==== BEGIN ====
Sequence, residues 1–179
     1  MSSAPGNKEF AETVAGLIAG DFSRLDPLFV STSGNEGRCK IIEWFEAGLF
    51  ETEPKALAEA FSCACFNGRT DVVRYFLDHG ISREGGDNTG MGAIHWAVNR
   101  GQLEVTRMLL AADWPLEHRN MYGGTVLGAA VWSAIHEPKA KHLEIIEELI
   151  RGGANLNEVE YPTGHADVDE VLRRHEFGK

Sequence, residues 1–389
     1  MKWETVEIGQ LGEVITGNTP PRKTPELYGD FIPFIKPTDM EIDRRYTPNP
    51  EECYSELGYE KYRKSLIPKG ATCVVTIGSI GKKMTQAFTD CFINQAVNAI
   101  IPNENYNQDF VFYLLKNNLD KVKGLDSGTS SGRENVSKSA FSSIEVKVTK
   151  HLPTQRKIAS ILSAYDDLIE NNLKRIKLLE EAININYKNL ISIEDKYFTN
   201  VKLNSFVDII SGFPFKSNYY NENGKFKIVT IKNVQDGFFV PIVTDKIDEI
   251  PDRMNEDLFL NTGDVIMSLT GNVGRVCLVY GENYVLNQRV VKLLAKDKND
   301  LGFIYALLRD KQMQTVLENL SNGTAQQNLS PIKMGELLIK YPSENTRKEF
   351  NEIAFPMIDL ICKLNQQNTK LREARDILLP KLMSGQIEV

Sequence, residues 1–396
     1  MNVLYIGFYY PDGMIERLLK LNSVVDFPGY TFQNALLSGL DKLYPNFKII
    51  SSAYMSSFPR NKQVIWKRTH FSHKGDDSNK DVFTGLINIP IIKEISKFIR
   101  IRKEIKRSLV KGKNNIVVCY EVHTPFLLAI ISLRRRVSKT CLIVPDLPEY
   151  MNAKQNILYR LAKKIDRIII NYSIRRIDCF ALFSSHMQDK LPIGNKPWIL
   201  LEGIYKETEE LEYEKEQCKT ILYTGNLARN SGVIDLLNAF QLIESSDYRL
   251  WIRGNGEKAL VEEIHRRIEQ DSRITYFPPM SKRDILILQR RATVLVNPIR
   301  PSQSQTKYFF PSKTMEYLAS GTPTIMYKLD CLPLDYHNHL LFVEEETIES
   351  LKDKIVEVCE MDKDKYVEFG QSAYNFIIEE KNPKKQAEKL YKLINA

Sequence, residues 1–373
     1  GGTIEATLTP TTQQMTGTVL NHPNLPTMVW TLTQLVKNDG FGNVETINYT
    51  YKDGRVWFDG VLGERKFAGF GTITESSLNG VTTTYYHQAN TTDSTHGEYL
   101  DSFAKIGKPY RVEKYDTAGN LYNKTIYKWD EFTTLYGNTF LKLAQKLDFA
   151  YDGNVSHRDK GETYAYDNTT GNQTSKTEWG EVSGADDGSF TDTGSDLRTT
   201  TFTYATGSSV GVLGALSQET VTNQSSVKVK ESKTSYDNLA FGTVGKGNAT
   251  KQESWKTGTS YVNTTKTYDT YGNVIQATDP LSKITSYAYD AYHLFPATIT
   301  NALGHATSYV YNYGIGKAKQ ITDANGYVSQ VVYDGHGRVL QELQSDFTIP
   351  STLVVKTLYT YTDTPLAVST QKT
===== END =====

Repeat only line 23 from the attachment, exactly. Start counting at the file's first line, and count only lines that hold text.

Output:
   351  LKDKIVEVCE MDKDKYVEFG QSAYNFIIEE KNPKKQAEKL YKLINA